Lamborghini Huracan STJ Could Be The Supercar's Send-Off

Lamborghini has a penchant for two things: V12s and acronyms. This patent filing, uncovered by CarBuzz and AutoGuide, is the latter and hints at some things to come for what is now the V10’s last stand, the Huracan. Filings with the European Union Intellectual Property Office (EUIPO) show the automaker has filed patents for the names Huracan STJ and STJ. What it stands for is more of a mystery. Some V10 Joy? Sayonara V10 Joy? Given Lambo’s previously mentioned love of all words (especially Italian ones) shortened, it’s actually not super hard to extrapolate what the letters might mean.

The Huracan, like the Gallardo before it, has its own one-make race series, Lamborghini Super Trofeo. Or, ST. The “J” took a little more digging, but we’re relatively confident in our theory- the letter should stand for “Jota.” Lamborghini has a history with the name, as it turns out, having used it on both the Aventador SuperVeloce Jota (SVJ) and on the Muira. The Muira Jota was significantly lighter, featuring wider wheels and more power. Without getting too bogged down in Lamborghinis past, the name is usually reserved for the brand’s go-fastest cars, beginning with that first iteration.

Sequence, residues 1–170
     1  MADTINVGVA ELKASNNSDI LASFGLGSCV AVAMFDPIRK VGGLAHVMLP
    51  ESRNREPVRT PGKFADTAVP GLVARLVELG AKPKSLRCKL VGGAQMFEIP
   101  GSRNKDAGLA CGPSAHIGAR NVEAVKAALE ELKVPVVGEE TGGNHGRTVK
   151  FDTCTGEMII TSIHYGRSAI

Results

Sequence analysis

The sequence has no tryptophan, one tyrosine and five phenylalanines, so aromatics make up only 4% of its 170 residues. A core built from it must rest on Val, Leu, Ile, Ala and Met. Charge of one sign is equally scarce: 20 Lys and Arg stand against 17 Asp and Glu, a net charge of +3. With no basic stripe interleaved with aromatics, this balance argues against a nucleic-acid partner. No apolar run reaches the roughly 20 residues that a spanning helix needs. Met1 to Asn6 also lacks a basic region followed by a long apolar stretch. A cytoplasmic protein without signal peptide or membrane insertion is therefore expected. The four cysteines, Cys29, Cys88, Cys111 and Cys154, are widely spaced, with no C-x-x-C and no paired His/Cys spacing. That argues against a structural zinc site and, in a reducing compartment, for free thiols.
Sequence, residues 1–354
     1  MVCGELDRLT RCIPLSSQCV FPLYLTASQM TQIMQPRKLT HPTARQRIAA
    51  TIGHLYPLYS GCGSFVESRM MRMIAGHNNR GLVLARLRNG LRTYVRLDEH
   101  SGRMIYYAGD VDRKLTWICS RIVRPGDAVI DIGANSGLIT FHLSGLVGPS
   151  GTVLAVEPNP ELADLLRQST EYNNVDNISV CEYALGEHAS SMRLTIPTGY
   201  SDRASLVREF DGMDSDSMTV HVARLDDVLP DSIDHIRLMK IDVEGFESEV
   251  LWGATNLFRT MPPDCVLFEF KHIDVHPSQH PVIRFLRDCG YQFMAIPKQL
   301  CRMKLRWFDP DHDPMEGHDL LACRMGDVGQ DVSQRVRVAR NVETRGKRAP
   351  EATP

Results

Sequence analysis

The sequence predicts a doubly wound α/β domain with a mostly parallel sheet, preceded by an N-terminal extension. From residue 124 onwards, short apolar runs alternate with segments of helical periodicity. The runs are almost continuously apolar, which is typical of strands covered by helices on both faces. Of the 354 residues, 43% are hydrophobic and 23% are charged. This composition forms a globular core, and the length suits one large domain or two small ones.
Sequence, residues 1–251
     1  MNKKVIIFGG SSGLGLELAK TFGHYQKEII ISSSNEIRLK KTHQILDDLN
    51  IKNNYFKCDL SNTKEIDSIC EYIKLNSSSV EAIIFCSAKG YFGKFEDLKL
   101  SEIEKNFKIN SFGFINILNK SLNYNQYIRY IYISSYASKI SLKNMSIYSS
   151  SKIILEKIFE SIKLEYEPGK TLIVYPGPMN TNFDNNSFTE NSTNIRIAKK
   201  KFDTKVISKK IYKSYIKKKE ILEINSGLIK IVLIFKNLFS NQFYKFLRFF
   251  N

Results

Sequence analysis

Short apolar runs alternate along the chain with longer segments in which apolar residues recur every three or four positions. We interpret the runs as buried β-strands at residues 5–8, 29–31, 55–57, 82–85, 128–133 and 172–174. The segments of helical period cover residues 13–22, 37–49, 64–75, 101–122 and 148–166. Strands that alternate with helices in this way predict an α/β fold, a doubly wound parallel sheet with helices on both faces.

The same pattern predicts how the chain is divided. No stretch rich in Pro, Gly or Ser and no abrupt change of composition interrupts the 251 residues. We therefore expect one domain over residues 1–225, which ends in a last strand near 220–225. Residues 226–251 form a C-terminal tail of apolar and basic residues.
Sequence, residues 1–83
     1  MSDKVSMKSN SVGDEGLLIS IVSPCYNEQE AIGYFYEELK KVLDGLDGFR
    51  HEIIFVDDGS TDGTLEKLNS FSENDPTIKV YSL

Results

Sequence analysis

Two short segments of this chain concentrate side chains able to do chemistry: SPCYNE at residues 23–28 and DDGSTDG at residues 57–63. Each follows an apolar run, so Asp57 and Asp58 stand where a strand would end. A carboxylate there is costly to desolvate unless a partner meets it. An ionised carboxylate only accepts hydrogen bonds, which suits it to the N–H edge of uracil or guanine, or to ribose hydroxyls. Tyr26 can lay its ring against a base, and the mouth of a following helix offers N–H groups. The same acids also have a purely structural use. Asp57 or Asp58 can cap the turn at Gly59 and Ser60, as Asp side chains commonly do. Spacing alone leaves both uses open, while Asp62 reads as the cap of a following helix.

Likely, that’ll be the story here, supposing this car ever sees the light of day. The Huracan’s V10-powered days are surely numbered after Audi stopped using the powerplant for the also-deceased R8, and a lightweight, super-fast tie-in with the brand’s long-standing motorsports series seems like a fitting way to send the Huracan (and likely its V10) off into the scrapyard beyond.

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Chase Bierenkoven
Chase Bierenkoven

Chase is an automotive journalist with years of experience in the industry. He writes for outlets like Edmunds and AutoGuide, among many others. When not writing, Chase is in front of the camera over at The Overrun, his YouTube channel run alongside his friend and co-host Jobe Teehan. If he's not writing reviews of the latest in cars or producing industry coverage, Chase is at home in the driver's seat of his own (usually German) sports cars.

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